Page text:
The even more egregious situation is when YouTube Music’s algorithms don’t recognize a video as being a “music” video and therefore do not appear in the app. When you add a “music” video to a playlist on YouTube.com, it will not appear in the YouTube Music app. When playing the rest of the playlist, it just won’t appear. The opposite also happens sometimes when a regular video is considered music and disruptively appears in playback.

With Play Music, you could upload files and listen on your computer and more importantly mobile device. Since switching to YouTube Music full-time, I’ve faced obstacles that seem ironic for an app made by the developers of Play Music.

Until YouTube Music added local playback in May, I had to keep using Play Music. Afterwards, I was happy to use one app, but found the local management of files to be extremely tedious in a multi-device world.

To add insult to injury, the implementation of local playback in YouTube Music isn’t even that good and feels like a legacy tack-on to make sure Android has an app to handle MP3s when Play Music is no longer pre-installed.

Annoyingly, files on your device and songs from the YouTube library are isolated. Nowhere is this partition more annoying than in playlists where media from the two sources cannot interact. Local files cannot be added to a playlist that is otherwise filled with songs from the YouTube Music library, and vice versa. While this is likely meant to prevent a bad experience when Casting, even Play Music allowed adding any content — regardless of source — to your up next queue.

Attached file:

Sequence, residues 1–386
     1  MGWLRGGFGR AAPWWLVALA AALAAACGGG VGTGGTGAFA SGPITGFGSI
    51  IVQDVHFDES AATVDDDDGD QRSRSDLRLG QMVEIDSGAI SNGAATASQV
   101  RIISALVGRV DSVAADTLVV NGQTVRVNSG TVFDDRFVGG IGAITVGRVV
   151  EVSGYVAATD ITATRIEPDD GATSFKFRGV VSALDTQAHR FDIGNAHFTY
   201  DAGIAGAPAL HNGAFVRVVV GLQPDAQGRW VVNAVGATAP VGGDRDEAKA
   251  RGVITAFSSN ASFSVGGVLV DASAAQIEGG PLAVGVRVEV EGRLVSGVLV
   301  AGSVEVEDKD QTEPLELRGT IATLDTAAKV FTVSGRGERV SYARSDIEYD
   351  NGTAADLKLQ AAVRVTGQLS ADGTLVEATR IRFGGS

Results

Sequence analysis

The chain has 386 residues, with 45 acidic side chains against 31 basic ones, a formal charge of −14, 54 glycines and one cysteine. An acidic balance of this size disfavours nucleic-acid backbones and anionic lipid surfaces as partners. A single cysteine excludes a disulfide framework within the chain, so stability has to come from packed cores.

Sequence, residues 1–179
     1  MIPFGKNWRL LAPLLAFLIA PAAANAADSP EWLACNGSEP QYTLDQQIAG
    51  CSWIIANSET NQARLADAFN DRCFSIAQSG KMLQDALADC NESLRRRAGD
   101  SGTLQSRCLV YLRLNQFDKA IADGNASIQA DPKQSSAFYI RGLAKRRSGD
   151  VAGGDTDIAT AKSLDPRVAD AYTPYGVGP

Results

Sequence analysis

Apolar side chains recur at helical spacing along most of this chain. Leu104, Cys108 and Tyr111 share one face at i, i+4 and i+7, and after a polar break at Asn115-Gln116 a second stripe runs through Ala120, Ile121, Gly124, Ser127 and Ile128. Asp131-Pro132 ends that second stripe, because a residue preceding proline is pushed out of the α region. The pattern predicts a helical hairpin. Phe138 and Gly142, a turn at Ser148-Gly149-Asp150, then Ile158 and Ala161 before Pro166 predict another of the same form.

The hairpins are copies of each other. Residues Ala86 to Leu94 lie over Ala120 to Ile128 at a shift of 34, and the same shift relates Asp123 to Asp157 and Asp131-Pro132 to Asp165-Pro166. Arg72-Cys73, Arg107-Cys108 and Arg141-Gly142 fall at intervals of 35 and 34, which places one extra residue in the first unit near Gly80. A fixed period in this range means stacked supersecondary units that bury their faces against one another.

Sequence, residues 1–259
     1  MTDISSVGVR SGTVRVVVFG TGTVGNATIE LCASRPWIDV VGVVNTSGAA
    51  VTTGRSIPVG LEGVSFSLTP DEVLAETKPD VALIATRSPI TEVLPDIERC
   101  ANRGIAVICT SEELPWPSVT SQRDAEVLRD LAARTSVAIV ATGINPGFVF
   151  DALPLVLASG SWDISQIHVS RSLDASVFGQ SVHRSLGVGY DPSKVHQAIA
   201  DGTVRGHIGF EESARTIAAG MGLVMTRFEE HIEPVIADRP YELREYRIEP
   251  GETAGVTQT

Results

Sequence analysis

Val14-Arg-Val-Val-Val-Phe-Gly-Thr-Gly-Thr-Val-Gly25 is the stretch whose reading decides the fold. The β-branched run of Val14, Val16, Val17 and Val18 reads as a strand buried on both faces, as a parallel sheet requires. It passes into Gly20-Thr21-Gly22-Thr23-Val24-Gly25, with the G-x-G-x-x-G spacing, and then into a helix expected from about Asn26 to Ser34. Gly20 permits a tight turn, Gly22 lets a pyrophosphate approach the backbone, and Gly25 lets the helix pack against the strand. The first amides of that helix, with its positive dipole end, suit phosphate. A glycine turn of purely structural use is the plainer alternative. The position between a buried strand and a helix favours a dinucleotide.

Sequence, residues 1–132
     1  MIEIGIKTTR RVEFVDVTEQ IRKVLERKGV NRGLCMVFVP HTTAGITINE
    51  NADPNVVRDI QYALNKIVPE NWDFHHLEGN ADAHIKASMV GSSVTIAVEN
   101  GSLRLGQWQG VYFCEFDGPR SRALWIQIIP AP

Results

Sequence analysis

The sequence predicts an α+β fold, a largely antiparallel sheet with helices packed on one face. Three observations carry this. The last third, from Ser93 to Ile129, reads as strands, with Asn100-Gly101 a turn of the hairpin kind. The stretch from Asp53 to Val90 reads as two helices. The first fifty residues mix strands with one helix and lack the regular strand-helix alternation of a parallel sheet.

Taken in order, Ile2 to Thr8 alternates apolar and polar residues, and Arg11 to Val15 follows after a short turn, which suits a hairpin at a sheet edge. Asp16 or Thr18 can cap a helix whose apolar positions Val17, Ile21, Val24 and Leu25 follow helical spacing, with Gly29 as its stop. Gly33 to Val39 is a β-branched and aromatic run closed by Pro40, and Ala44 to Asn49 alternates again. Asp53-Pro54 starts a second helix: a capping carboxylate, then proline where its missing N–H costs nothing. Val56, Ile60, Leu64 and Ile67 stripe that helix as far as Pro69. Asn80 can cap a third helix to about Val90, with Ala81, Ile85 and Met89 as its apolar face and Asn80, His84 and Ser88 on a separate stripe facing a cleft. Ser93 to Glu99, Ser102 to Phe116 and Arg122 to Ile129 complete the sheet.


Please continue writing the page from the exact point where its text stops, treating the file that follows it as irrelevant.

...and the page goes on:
Lack of YouTube Music progress

If local playback was the biggest feature in a year, and it wasn’t really done well, what does that reveal about whatever else the YouTube Music team has been working on. Namely, the cloud library that many past users find so precious.

We at 9to5Google have followed new features in YouTube Music extensively via our APK Insight series and it’s akin to rearranging deck chairs at times. Besides local files, I can say without hyperbole that the second most impactful day-to-day change to using YouTube Music was an adaptive icon.

Who is it for?

YouTube executives telegraphed before the relaunch that YouTube Music is aimed at getting those who use free YouTube as a music service to pay and upgrade. This is not an unreasonable audience to strive for as paying $10/month for music is just the norm in this day-and-age.

However, as a daily user, I see YouTube Music Premium — yes, that’s the actual name of the paid music subscription —  as nothing more than a step to the full YouTube Premium that removes ads on the entire video site for $2 more. YouTube Music has at least two good features that can appeal to regular users, but in the context of everybody else being on Spotify and Apple Music — where social features are available — it’s not enough.

If YouTube Music can’t quite appeal to the general audience (15 million subscribers according to a report last month), then what’s left are the Play Music devotees. Given how long it has taken for the cloud library to come to YouTube Music, it’s unclear what Play Music users can expect from the transition.

Since YouTube Music’s relaunch, my view of the service has quickly switched from promising to good to increasingly just “okay.” Unfortunately for YouTube Music, “okay” in 2019 is really not okay given the competitive landscape.